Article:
Mental problems have also increased in Bangladesh during the Covid-19 period. Mental distress is exacerbated by the fear of infection, the uncertainty of access to medical care, the fear of death, the economic crisis, unemployment, financial instability, and even misconceptions about the virus and coronary heart disease among health workers at all levels engaged in Covid-19 treatment, which is harming their mental health. Domestic and gender-based violence has also seen an increase worldwide during this period.

Good health means both physical and mental health. Physical and mental well-being complement each other. It is not possible to achieve mental well-being without physical well-being. Mental illnesses, on the other hand, affect physical well-being. Although physical illness is visible, mental illness is not visible in the early stages. It only seems obvious when it assumes a deadly shape.

A person suffering from anxiety worries too much about most things, like losing family members, and foments a sense of unhealthy skepticism within themselves. Although it seems normal at the initial stage, the family and social life of the person with anxiety may be severely disrupted later on.

Depression, on the other hand, works differently. An estimated 19 billion people worldwide suffer from depressive disorders. According to a study by the National Institute of Mental Health, 12.7% of people in Bangladesh suffer from depression. In other words, in this country of 16.7 crore people, the number of patients suffering from depression is more than two crore. 

According to doctors, depression is a mental and physical disease at the same time. Now the question arises: How favourable, or unfavourable, is the familial, social, and national environment of the country for the patients suffering from depression and mental illness?

Like all other ailments of the body, mental illnesses can be just as pronounced or subtle. These issues are neither clear nor acceptable in our society. On the contrary, family members of people suffering from these issues struggle to come to terms with it. A changed psychological state may cause confusion for the person experiencing it, as well as their family and friends.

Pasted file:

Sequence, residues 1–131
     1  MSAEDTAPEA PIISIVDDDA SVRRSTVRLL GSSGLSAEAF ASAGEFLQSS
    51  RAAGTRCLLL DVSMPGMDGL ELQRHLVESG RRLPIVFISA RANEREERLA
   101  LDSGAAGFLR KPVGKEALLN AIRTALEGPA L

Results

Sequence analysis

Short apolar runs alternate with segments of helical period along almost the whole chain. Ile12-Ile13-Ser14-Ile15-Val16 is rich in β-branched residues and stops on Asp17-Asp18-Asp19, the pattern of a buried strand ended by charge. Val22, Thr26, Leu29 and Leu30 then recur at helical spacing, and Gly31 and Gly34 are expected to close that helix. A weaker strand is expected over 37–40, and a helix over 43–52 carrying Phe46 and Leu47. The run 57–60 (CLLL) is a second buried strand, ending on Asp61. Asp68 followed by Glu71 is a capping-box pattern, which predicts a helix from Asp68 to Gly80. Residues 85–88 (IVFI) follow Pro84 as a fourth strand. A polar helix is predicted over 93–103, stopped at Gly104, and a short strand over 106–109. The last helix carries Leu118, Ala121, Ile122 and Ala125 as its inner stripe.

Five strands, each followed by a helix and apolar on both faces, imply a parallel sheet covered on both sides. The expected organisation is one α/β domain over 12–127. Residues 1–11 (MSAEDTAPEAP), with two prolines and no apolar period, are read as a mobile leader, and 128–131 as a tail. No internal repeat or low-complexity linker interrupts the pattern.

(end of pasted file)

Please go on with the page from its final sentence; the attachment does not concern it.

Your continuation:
Suicide is not the solution. Life must go on with courage, without fear, without reliance. I understand that the pain can be too much to bear for a lot of us, but our lives do not exist in a vacuum. 

Suicide is not the way. The soil under the feet needs to be hardened. Children should pay attention to their establishment without being burdened by others. The hand of sympathy should be extended to those who are prone to suicide. We must try to understand them in order to be there for them. Which is why I urge anyone considering ending their lives to seek help, and for those who know people with suicidal tendencies to offer every ounce of support they can muster.

Successful people are in control of almost every single situation. But suffering can cause the desire for liberation and can give way to overwhelming thoughts of non-existence. Even if you want to talk about mental health, you can’t talk to everyone. Most people keep everything to themselves for the sake of keeping face, and to protect their image.

What can the government do in this case? The prime minister has no shortage of sincerity for the people of the country. The reality is hard to swallow, but we have to move for ourselves to enjoy life. The family, society, the state and the government have to take more responsibility to improve the living conditions for the overall mental well-being of our people.

Hiren Pandit is a researcher and columnist.